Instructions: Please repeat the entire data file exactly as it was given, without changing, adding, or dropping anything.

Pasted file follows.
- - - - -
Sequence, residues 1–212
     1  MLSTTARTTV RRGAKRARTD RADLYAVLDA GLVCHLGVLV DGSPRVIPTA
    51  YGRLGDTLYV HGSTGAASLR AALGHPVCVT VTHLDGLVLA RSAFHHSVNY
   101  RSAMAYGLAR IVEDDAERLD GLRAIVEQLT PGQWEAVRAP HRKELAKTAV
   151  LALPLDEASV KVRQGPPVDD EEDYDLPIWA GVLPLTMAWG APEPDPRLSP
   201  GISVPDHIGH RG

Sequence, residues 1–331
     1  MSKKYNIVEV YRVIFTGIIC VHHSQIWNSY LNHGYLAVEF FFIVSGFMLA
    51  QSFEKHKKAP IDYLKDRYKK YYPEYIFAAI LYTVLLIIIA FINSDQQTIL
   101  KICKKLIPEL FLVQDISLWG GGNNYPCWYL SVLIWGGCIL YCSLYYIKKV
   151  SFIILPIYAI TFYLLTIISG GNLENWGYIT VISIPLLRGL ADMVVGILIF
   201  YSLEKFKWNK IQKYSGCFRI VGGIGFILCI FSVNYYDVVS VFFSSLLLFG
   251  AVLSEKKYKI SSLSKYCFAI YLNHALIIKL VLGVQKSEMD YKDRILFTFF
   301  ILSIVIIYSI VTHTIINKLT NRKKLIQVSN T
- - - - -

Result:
Sequence, residues 1–212
     1  MLSTTARTTV RRGAKRARTD RADLYAVLDA GLVCHLGVLV DGSPRVIPTA
    51  YGRLGDTLYV HGSTGAASLR AALGHPVCVT VTHLDGLVLA RSAFHHSVNY
   101  RSAMAYGLAR IVEDDAERLD GLRAIVEQLT PGQWEAVRAP HRKELAKTAV
   151  LALPLDEASV KVRQGPPVDD EEDYDLPIWA GVLPLTMAWG APEPDPRLSP
   201  GISVPDHIGH RG

Sequence, residues 1–331
     1  MSKKYNIVEV YRVIFTGIIC VHHSQIWNSY LNHGYLAVEF FFIVSGFMLA
    51  QSFEKHKKAP IDYLKDRYKK YYPEYIFAAI LYTVLLIIIA FINSDQQTIL
   101  KICKKLIPEL FLVQDISLWG GGNNYPCWYL SVLIWGGCIL YCSLYYIKKV
   151  SFIILPIYAI TFYLLTIISG GNLENWGYIT VISIPLLRGL ADMVVGILIF
   201  YSLEKFKWNK IQKYSGCFRI VGGIGFILCI FSVNYYDVVS VFFSSLLLFG
   251  AVLSEKKYKI SSLSKYCFAI YLNHALIIKL VLGVQKSEMD YKDRILFTFF
   301  ILSIVIIYSI VTHTIINKLT NRKKLIQVSN T